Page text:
This is true simply be definition. Most viruses are written for Windows. An OS can’t “bear the onslaught” of a virus written to take advantage of one of its flaws. OS X was not “built to bear the onslaught” of the 111 viruses written for it.
A Mac offers a built-in firewall, doesn’t advertise its existence on the Net, and isn’t compromised within an hour of being turned on.
All undeniable fact.
Aaand that’s it.
Maybe it’s just the Mac guy Maynor doesn’t like. Some people don’t like him.
OK, let’s look at the primary security-related statement against the Mac in Gates’ interview.
Nowadays, security guys break the Mac every single day. Every single day, they come out with a total exploit, your machine can be taken over totally.
No. They do not. They didn’t even come out with one every day in the month of January. If Gates had said something more generic like “They keep coming out…” one might be inclined to cut him some slack, but he didn’t. He said “Every single day…” and that is false.
Gates does have something more of a point about upgradability and one can argue about who copied whose interface all day long.
But that’s not what Maynor’s talking about. He’s talking about security and it’s really not a contest. Apple’s ad is true and Gates’ comments are not.
Yet Maynor feels justified in giving props to Bill Gates for stickin’ it to the man.
He also expects howls of uproar over his assertion that Vista is more secure than OS X. Truth be told, Maynor’s far more qualified to make a judgement about that than the Macalope, but the horny one would point out that just because Vista’s more secure on paper, doesn’t mean that it will provide a more secure user experience. Windows is still and will continue to be the bigger target.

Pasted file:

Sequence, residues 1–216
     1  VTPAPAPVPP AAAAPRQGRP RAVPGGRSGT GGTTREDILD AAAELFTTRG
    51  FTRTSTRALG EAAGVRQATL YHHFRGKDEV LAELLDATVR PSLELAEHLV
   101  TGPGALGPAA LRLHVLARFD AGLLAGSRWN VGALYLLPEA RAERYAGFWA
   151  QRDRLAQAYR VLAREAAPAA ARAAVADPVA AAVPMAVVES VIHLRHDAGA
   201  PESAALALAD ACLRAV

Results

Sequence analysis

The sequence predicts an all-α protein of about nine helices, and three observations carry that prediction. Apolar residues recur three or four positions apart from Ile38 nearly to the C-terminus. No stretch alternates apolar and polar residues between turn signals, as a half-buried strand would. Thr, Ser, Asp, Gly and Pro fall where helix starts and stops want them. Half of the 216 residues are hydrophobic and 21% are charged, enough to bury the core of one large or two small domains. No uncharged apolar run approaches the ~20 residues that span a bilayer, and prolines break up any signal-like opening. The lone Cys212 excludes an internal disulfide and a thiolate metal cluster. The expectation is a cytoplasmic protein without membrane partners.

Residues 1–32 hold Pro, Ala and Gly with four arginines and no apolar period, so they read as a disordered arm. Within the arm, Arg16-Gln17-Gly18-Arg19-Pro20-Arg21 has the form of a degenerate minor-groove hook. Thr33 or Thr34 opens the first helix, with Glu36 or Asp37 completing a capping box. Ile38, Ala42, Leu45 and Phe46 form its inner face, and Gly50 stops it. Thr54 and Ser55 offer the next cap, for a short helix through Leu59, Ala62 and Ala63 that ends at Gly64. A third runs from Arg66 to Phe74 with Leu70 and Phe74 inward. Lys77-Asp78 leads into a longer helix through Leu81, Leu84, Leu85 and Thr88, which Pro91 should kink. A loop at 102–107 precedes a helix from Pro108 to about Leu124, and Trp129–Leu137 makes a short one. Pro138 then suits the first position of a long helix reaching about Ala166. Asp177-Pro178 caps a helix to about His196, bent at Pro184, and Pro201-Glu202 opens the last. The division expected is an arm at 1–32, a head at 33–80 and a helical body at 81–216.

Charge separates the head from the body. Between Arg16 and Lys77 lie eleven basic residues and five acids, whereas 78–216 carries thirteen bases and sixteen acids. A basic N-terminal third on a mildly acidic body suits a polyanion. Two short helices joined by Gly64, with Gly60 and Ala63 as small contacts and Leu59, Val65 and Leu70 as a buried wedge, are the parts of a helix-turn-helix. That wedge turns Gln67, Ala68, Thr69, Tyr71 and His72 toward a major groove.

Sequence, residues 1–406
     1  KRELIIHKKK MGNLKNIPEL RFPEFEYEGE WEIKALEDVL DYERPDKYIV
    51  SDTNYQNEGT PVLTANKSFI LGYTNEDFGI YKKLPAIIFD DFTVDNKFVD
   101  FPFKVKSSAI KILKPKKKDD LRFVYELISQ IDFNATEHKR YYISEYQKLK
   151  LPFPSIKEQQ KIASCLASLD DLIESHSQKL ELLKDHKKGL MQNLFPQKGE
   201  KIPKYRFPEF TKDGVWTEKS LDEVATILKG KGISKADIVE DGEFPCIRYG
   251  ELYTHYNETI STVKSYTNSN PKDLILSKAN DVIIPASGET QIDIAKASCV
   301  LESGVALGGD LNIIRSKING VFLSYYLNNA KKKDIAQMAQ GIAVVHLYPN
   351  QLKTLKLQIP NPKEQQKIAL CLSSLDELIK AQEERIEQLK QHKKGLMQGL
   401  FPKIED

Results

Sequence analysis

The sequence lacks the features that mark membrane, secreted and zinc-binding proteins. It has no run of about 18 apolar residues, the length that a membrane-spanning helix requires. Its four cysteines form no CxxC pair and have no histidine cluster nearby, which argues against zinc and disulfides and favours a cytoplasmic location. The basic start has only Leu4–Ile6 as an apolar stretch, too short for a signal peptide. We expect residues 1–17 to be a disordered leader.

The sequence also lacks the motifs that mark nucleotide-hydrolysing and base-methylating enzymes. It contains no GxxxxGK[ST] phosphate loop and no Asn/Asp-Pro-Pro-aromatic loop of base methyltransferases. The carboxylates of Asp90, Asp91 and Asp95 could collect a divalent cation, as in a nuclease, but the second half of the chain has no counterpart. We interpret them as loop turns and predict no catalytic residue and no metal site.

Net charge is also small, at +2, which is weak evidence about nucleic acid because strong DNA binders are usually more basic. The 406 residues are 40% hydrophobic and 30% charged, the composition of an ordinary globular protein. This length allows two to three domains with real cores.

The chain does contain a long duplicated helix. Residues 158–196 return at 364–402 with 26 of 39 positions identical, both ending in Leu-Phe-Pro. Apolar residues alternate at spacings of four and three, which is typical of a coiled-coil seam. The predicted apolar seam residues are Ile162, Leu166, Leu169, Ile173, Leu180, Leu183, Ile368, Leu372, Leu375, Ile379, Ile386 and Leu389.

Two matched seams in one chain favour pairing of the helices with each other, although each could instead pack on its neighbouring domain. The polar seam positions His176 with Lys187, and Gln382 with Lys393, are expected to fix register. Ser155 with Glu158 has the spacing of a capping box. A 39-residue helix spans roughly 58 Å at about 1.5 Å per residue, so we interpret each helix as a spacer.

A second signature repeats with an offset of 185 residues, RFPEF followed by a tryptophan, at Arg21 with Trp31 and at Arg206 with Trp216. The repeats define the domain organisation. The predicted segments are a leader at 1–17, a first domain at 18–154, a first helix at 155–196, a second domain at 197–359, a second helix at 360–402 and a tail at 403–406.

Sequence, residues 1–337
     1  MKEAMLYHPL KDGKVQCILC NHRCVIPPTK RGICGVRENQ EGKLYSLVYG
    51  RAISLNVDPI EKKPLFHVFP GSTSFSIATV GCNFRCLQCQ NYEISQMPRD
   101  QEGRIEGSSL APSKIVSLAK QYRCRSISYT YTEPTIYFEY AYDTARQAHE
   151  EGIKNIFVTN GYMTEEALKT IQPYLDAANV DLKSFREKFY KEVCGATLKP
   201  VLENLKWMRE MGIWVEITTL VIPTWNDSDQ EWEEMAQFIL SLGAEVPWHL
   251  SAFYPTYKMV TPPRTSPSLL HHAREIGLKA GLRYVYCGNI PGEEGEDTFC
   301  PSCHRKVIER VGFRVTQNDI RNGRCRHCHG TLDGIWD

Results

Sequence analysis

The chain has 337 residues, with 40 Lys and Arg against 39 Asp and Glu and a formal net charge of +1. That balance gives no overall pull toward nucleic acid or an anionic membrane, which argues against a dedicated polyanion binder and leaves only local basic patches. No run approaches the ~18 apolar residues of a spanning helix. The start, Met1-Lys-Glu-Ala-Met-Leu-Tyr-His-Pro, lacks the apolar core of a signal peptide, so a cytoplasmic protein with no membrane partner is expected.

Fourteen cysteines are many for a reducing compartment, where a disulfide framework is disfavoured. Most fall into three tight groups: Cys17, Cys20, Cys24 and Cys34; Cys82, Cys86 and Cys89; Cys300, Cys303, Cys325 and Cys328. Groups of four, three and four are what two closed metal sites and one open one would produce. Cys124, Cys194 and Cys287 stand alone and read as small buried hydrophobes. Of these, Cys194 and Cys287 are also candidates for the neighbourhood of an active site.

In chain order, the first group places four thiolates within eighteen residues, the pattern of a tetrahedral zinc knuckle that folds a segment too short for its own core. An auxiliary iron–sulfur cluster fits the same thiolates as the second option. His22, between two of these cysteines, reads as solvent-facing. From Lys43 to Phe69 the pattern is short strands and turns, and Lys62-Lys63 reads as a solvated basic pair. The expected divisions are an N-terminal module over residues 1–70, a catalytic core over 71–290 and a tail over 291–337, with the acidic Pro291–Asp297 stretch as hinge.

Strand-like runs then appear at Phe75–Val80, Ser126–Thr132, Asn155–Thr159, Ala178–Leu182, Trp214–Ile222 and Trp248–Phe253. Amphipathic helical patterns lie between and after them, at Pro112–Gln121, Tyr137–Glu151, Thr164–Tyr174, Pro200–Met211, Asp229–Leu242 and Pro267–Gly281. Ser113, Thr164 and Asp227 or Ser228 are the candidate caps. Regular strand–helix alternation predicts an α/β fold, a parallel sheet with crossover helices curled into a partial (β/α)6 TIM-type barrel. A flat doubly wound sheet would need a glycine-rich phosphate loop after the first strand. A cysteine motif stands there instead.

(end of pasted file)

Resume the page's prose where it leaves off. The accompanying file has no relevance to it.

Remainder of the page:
The biggest threat OS X has seen recently is from the supposedly responsible members of the security world who seem to be trying to provide Microsoft cover and bring trouble to Mac users by publishing (and executing) OS X exploits.
All because they didn’t like an ad and got pissed off by some comments on Slashdot.
If you read Maynor’s post, you’ll notice that it would be very easy to pump up the volume of the snark in response. Maynor is not a very good communicator. He may be a very good security researcher, but he’s not a terribly good writer (yet, anyway) and history has proven that he’s not terribly adept at PR.
So the Macalope could just haul off on Maynor and we could all have a good time, laugh ourselves silly and go back to watching That Phone Guy. But keep reading. Let’s hear Maynor out.
Microsoft only changed when users demanded better security, and it’s only when the Mac community calls for similar protections that Apple will include them in products.
Here, dear readers, comes the glorious moment. That most special of after-school special moments.
Because you know what? Here, he’s right.
He’s absolutely, 100% right. No matter what crazy-assed things he’s said up until now, his final point is spot-on.
We, as Mac users, have been skating. We’ve been skating on the fact that no one writes exploits for the Mac. And as Apple becomes more and more of a household name, that will not stand.